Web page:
I need to start by saying something not obvious to everyone: turn-based strategy games aren’t for everyone. In fact, Gears Tactics will likely find itself a tough sell to most players because strategy games in and of themselves often only appeal to hardcore strategy-focused players. But Gears Tactics decided to take a page from Mario+Rabbids and attempt a more accessible XCOM.
…Gears Tactics adopts the core mechanics of XCOM.
Turn-based strategy games move very slowly which makes showing it to you in my concise reviews a bit impossible. Most of your time will be spent looking at the field from above, and it’s all about making strategic choice moves. Sure, that sounds obvious, but when you can clear stacked odds against you, it takes more than just selecting moves. Part of that is the more accessible close range combat mechanics and a much greater emphasis on explosives, namely a far superior grenade tossing mechanic. These both work to great effect, minimizing the overall stress and strain that XCOM placed on its uphill battles. But this is where a lot of the similarities stop: Gears Tactics completely lacks the late-game depth the XCOM seriesdoes. This is where it’s both good and bad: as a person who’s played XCOM 2, I have an appreciation for the continuing development of my own “heroes”. However, here the story-based heroes, classes, and skills come along more like a sundry selection with the only real standout being snipers which feel surprisingly more effective. Other than that, the sheer differences I would expect from varying classes just aren’t there, and a lot of it simply boils down to either long range or up-close-and-personal weaponry. Add to that the far more forgiving down revival system, and hardcore strategists won’t even consider this a “real” turn-based strategy game. The deepest part of strategy games is risk versus reward, and though Gear Tactics adopts the core mechanics of XCOM, in comparison it simply removes the vast majority of risk. The good, then? If you have a passing interest in turn-based strategy games, this game serves as an excellent primer for XCOM.
…this all clocks in on the short side…
I’d say I put somewhere just over 20 hours into it, at which point you see the ending, and then the game drops you right back into it for more endgame veteran missions. During your 20 hours, you’ll see a decent variety of mission types that range from destroying an objective to capturing two objectives to rescuing Gears to forced side missions (yes, you must do some to continue!). Though, there was a strange difficulty spike in some side missions, and I think it’s because I chose to play in the new Jacked mode which gives me Jack and stronger “deviant” opponents. This game does lack more common base-building and economic facets of this genre, but quite frankly I’m kind of glad. As far as strategy games go, this all clocks in on the short side, but as far as this being an introductory type of game, I feel this is a fair length to really get someone into the genre without tiring them out or overwhelming them.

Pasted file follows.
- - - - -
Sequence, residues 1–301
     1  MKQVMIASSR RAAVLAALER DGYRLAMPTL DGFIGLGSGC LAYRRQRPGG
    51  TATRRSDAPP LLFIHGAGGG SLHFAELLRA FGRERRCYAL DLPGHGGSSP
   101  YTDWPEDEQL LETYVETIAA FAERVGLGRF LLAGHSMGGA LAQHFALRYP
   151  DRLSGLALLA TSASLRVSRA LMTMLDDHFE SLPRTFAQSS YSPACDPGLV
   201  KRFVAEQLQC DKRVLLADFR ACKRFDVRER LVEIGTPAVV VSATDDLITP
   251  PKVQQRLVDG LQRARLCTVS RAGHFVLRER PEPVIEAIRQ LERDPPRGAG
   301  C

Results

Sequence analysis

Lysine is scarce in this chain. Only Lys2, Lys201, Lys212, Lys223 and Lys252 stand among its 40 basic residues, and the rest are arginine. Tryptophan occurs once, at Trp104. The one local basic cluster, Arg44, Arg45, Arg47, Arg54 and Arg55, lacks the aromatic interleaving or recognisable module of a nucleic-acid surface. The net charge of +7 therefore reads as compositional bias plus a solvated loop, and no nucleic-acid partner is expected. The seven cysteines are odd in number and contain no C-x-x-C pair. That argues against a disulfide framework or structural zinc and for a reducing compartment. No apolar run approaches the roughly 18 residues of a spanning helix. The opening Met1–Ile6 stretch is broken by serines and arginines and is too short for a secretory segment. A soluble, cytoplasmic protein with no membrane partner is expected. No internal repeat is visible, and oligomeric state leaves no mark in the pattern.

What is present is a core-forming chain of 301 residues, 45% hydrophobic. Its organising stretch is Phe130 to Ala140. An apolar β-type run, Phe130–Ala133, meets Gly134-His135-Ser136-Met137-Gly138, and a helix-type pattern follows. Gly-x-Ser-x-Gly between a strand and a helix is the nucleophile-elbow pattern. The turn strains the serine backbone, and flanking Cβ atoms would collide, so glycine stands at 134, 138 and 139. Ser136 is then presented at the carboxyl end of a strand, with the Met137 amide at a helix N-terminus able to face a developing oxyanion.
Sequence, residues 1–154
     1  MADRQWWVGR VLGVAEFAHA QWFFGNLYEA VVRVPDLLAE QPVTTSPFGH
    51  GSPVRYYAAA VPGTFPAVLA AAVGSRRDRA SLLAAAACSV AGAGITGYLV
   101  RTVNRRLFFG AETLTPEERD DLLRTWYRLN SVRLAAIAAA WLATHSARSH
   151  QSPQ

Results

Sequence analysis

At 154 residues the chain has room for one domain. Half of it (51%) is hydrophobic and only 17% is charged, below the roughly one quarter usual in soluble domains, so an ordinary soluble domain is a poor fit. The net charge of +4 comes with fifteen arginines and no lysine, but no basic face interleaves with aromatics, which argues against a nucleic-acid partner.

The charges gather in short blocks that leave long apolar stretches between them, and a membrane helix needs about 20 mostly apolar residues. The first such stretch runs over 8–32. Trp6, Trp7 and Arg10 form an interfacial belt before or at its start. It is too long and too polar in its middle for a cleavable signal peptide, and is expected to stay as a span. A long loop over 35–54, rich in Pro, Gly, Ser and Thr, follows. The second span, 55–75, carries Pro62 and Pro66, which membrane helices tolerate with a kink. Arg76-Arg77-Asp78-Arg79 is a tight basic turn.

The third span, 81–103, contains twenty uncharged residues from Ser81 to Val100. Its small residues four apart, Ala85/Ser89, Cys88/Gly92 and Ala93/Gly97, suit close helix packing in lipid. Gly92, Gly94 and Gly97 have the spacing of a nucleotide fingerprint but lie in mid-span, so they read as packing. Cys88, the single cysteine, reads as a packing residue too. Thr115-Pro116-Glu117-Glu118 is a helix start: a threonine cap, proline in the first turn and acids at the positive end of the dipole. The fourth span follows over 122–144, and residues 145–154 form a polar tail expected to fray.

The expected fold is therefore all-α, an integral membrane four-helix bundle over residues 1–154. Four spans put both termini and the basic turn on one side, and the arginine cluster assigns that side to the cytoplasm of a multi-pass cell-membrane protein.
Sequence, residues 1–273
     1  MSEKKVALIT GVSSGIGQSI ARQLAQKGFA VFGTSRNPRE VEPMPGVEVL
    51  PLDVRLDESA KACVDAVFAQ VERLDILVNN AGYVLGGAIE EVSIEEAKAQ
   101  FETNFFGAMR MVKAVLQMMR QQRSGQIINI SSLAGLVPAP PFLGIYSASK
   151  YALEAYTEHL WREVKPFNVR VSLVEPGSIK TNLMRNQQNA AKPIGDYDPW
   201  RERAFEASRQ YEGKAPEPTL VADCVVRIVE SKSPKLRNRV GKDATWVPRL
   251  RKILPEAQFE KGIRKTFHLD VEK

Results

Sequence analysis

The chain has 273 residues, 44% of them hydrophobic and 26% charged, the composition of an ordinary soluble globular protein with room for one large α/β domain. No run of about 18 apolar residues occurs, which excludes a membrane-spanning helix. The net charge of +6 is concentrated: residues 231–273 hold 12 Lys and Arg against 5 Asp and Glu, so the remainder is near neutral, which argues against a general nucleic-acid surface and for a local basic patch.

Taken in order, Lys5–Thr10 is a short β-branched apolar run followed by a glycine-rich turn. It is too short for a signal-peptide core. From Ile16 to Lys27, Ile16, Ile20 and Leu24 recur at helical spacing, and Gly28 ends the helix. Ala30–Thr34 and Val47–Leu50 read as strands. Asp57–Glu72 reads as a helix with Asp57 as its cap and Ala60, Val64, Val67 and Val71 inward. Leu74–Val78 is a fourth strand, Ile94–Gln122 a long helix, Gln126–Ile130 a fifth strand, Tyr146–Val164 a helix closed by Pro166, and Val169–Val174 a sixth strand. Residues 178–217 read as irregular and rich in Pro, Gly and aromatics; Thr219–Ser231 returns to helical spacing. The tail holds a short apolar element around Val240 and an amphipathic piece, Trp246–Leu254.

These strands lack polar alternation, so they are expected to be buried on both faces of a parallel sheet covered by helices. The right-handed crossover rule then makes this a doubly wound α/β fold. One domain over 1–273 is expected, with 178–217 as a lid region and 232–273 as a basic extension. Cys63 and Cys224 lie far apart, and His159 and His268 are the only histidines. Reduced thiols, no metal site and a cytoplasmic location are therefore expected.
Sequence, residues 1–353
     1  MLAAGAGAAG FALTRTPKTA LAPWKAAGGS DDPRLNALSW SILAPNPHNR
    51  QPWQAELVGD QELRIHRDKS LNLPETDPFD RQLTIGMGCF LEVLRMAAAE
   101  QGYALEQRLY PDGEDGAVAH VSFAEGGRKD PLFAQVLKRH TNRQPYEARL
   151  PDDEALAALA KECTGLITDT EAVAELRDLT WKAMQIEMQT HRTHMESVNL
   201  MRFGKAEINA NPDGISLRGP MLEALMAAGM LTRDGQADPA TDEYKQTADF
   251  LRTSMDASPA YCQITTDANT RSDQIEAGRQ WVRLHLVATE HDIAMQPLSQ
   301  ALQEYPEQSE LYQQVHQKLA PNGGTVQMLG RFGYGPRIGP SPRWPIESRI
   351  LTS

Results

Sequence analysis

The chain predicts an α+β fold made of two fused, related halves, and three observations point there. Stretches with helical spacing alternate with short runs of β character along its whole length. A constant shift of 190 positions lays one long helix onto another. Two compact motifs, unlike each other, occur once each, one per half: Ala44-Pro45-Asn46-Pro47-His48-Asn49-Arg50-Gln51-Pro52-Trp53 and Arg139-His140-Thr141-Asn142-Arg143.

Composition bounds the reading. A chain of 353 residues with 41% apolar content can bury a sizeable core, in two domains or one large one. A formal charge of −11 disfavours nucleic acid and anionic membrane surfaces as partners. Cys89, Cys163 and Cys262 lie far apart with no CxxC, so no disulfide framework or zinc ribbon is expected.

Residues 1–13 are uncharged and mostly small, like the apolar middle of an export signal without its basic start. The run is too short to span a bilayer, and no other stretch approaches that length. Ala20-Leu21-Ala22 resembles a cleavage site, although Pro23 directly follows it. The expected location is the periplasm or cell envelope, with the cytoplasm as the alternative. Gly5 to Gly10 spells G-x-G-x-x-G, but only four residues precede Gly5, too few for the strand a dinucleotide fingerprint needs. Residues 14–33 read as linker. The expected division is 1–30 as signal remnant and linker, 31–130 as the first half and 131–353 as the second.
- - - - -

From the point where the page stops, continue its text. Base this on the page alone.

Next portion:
…against the backdrop of said genre, it exceeds just about all of them.
As far as turn-based strategy games go, this is up there as one of the best-looking. Granted, I am getting a little tired of saying this: it’s definitely a last-gen-dialed-up-to-11; but against the backdrop of said genre, it exceeds just about all of them. And while the game lacks the use of ray tracing, it seems to use screen space reflections in a different way. Without the technical knowledge of what they did, I’m surmising this as best I can, but it reflects better for top-down viewing. The cinematics, while I personally believe use too much motion blur, look absolutely fantastic as well. The facial animations are good, too, and are wrapped in a decent story. It doesn’t quite explore the fact that you are playing as Kait Diaz’s father as much as I’d hoped, but there are some surprises in store. I don’t think any Gears story is going to hit the tear-jerking moments of Gears of War 2, but rest-assured you’re plodded along for the right reasons in this look at the early days of the franchise’s universe.
They did that double-edged sword thing…
This is another hard game to score. This is because I played the very game that Gears Tactics completely lifts its template from. They did that double-edged sword thing: they took out nearly all the stress and strains of losing your heroes and fighting seemingly near-impossible odds and failing. But in doing so, they also made this game accessible enough for anyone with a passing interest in turn-based strategy games that doesn’t mind the slower pace of playing with your brain and not your fingers. And that’s where this game succeeds: while lacking the longer-term depth, it recovers it by keeping the length fair and the graphics turned up. All-in-all, this game won’t be for everyone. But it offers up a good, far easier taste of the turn-based strategy genre.